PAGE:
Ukraine refugees: How many refugees are there and where have they gone?

Ukraine: Raab defends UK's policy on welcoming refugees

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Russian President Vladimir Putin’s decision to invade Ukraine, more than a week ago, sparked one of the largest humanitarian crises in recent memory. The conflict has forced refugees – mostly women and children – to leave their homes behind in the hope of finding a safe sanctuary.

How many refugees are there?

According to figures from the United Nations (UN) more than one million people have now fled the war in Ukraine – including Ukrainian nationals and residents from other countries caught up in the conflict.

Barely two days ago the number stood at just shy of 700,000.

The UN High Commissioner for Refugees (UNHCR) has predicted that as many as four million people could flee the country in the coming weeks.

Where have refugees fled to?

Poland has so far taken in the largest amount of refugees from Ukraine. The UN has estimated this number to be 547,982 – correct as of March 2.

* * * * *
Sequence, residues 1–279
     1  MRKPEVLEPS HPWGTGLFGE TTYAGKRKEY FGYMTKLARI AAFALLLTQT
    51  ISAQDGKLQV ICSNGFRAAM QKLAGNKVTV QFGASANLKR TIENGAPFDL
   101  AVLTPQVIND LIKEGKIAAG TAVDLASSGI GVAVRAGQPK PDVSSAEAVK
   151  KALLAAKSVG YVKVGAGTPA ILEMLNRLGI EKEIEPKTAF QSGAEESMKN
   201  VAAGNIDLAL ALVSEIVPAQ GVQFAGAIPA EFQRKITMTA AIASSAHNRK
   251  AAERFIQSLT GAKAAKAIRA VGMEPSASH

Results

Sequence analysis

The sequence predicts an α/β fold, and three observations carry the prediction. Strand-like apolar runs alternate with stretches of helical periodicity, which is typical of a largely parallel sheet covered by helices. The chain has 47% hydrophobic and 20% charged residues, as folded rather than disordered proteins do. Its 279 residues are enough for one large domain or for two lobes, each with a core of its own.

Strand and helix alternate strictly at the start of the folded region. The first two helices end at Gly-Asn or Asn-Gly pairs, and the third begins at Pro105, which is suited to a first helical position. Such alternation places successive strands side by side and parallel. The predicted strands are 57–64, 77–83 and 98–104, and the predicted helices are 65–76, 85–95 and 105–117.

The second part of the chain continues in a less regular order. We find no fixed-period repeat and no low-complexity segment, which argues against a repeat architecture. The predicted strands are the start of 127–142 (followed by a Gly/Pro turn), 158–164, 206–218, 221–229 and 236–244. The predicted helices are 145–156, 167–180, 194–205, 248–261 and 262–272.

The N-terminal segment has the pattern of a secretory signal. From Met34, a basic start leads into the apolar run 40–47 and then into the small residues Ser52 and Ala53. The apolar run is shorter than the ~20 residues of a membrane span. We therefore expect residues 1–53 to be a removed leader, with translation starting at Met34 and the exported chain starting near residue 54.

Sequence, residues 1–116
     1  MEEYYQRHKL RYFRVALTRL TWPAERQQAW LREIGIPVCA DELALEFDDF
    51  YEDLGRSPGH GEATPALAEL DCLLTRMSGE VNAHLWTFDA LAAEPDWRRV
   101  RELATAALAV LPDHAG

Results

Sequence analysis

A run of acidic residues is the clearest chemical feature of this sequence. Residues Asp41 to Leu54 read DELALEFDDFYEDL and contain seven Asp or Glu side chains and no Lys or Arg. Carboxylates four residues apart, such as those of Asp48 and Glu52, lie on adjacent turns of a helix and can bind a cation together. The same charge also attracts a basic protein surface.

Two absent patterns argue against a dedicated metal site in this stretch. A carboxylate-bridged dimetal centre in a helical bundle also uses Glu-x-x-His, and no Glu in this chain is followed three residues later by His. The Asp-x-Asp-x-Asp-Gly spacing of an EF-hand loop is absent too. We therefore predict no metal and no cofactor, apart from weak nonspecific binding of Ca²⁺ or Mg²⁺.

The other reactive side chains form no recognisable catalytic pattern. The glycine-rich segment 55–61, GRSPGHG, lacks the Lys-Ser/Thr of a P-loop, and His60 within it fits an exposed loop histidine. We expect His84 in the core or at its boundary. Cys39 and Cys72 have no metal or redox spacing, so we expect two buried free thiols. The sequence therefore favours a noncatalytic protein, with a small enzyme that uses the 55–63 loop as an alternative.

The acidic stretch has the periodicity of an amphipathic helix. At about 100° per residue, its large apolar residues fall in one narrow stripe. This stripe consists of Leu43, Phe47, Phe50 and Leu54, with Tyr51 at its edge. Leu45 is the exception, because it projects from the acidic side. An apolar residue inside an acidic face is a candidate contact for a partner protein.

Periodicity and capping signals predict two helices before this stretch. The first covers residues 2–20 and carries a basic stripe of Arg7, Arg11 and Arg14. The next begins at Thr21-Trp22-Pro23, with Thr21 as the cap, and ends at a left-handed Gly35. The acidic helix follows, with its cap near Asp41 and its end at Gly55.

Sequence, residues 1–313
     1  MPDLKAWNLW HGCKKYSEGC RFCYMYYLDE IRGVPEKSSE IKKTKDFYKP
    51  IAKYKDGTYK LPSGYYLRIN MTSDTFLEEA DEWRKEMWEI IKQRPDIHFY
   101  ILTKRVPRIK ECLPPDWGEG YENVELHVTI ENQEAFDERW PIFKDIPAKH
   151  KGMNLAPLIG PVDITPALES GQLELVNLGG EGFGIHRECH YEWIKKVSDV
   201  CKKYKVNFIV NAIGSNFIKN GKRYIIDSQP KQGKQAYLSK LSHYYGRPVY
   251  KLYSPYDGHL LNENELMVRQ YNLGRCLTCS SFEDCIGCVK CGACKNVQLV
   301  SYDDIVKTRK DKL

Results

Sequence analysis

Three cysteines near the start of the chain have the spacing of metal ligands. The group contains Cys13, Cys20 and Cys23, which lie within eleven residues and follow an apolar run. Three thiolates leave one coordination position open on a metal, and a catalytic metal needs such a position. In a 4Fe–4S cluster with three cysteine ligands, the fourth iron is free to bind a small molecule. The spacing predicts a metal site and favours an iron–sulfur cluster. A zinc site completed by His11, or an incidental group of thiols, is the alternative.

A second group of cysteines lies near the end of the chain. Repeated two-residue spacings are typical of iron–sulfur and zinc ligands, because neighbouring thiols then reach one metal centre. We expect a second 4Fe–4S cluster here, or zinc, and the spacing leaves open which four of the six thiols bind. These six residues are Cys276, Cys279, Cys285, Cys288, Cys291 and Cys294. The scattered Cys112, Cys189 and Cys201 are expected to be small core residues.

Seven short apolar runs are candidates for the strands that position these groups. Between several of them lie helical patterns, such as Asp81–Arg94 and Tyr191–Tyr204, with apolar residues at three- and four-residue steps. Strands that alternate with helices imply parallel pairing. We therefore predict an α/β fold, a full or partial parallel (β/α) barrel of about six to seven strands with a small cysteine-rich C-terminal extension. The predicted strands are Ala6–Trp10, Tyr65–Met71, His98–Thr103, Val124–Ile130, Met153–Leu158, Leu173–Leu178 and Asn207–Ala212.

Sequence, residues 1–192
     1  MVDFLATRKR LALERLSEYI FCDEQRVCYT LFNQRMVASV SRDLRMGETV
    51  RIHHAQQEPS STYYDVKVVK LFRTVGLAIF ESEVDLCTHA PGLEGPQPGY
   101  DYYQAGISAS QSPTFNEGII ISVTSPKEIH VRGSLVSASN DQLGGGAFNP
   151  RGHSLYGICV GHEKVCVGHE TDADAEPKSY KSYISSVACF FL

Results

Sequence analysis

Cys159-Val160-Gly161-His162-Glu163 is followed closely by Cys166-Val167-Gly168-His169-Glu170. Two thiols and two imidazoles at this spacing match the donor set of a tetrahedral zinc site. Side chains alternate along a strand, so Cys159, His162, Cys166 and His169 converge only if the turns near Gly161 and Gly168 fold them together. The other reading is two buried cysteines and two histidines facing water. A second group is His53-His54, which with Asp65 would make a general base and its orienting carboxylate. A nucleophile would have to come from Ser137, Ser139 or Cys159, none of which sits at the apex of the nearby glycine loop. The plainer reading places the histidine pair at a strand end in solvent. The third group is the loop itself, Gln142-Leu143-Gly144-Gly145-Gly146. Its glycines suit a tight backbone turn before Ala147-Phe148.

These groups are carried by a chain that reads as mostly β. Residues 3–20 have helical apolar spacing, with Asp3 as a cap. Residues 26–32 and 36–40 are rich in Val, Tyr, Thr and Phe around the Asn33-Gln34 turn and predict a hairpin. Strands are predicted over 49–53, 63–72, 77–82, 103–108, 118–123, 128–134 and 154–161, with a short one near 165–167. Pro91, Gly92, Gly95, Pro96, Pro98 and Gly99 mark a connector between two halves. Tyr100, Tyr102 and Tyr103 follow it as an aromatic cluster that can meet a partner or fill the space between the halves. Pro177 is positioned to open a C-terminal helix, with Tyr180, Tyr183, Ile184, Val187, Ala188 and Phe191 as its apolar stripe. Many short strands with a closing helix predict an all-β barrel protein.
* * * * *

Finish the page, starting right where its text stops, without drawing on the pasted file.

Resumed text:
The Polish Government has said a further 50,000 are arriving every day.

Poland is also preparing a medical train to transport wounded Ukrainians, and has drawn up a list of 1,230 hospitals to send them to.

Other countries where refugees have fled to include:

  • Hungary – 133,009
  • Moldova – 97,827
  • Slovakia – 72,200
  • Romania – 51,261
  • Russia – 47,800
  • Belarus – 357

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Meanwhile, some 88,147 refugees have moved on from these countries to others in Europe.

Currently, anyone fleeing the war is being advised they do not need documents to get into neighbouring countries.

However, they should preferably have their internal or foreign travel passports, birth certificates of children travelling with them and medical documentation.

Qualification for refugee status stipulates you need to be a Ukrainian citizen or someone legally living in Ukraine, such as foreign students.

What has the UK said it will do?

Prime Minister Boris Johnson said earlier this week the UK could take in 200,000 or more Ukrainian refugees after the Government extended its help to people fleeing the war.

The scheme allowing close relatives of Ukrainian people settled in the UK to come over will be widened to include adult parents, grandparents, children over 18 and siblings.

Ukrainians will also be able to be sponsored by a UK firm to gain entry.

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